Merkel’s slow-motion exit ‘unprecedented in the history of the Federal Republic’
German chancellor steps down as CDU president and will not seek re-election as national leader in 2021
After yet another painful defeat for her party in a regional election, German Chancellor Angela Merkel announced on Monday that she would relinquish her role as president of the Christian Democratic Union and would not seek political office after her current term as chancellor.
The CDU’s share of votes in the state of Hesse fell to its lowest point in around 50 years, while the Greens and the anti-immigration Alternative for Germany (AfD) both surged to around 20% and 13% of the vote respectively.
The CDU’s coalition partner, the left-wing Social Democratic Party, also plummeted in the polls, falling to less than 20% of the vote, down from more than 30% in the same election the last time around.
The German chancellor’s decision to relinquish her role as head of the party while retaining her chancellorship will trigger a procedure “unprecedented in the history of the Federal Republic,” Merkel said on Monday.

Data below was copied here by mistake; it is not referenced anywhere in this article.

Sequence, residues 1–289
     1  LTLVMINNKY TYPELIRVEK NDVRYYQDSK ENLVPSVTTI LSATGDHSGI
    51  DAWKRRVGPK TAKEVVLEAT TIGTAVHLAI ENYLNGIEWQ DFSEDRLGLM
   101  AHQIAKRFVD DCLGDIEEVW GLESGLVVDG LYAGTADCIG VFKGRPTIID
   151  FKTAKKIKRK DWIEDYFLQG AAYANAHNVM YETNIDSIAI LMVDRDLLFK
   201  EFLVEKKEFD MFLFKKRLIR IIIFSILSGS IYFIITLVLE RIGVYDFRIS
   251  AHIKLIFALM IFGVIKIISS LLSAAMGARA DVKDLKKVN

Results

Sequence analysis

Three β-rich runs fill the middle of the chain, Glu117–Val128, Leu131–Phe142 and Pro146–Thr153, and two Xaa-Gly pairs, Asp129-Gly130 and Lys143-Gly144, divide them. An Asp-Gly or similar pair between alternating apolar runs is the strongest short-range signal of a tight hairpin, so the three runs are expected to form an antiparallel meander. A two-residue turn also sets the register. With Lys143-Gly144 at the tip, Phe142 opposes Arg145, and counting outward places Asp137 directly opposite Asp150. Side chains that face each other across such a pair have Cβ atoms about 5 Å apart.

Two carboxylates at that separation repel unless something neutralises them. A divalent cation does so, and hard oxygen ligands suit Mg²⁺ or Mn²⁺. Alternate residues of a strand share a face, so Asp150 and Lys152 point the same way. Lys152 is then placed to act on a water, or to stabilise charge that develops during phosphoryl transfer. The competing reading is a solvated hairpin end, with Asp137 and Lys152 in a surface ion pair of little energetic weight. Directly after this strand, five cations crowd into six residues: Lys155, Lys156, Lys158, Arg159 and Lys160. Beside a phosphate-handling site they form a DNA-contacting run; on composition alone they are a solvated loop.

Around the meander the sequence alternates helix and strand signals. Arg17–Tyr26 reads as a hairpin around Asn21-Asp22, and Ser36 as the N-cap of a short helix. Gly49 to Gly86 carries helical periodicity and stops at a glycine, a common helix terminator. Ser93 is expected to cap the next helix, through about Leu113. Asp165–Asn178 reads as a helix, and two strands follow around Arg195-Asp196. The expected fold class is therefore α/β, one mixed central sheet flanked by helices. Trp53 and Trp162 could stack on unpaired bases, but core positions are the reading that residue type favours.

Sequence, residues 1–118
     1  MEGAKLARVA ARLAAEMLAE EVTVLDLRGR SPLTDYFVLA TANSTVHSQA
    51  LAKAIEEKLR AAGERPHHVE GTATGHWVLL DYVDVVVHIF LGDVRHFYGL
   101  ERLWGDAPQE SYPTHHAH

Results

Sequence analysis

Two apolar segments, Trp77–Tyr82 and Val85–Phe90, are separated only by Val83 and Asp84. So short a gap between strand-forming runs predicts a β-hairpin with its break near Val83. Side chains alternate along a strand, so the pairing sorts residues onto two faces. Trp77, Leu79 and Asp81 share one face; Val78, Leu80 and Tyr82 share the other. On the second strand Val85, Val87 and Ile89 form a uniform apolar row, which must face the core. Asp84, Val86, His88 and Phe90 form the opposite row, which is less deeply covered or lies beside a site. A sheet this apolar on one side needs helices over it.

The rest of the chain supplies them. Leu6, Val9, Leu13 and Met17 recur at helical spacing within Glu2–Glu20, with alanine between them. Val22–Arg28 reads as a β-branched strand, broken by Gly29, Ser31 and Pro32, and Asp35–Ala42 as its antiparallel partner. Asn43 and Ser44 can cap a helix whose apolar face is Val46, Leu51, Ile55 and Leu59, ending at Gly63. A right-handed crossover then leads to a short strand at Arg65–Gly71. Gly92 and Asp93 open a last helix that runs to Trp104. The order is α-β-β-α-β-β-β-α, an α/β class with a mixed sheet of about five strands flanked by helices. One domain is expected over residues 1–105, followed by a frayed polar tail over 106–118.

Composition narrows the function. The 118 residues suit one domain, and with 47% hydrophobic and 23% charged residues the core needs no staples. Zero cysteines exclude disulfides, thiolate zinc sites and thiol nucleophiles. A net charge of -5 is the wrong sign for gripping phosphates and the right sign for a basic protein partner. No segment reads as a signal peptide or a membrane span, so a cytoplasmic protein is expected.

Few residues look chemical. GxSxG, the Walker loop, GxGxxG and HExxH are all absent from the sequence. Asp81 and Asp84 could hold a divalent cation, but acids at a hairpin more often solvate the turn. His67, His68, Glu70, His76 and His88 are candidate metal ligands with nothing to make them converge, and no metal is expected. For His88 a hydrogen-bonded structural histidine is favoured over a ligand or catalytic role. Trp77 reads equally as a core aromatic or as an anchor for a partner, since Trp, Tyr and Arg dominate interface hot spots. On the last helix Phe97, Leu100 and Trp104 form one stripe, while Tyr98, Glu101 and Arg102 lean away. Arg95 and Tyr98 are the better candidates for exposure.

In the short term, the vote dramatically weakens an already embattled Merkel and puts the viability of the CDU-SPD coalition in question. That could mean more contentious coalition negotiations, though the current so-called “grand coalition” might limp on.
In the long term, Merkel’s departure is another sign of a changing political landscape in Europe, which has seen anti-euro parties continue to gain momentum.
Merkel’s five-point statement, given at a press conference in Berlin after the Hesse election (from German daily Die Welt):
- She will no longer stand as party leader at the party congress on December 7 and 8 in Hamburg. Merkel has been the CDU chief for 18 years.
- “The fourth chancery is my last. I will no longer run for Chancellor and no longer as a Member of the Bundestag and will not seek any further political office. “
- For the remainder of the legislative period, she remains available as Chancellor.
- “I depart from my deep conviction that chancellorship and party leadership belong in one hand. That’s a risk.”
- The new CDU leadership team could adapt to Hamburg with a new basic program for the time after her. “I am aware that this procedure is unprecedented in the history of the Federal Republic.” But she was convinced that her actions offered more opportunities than risks.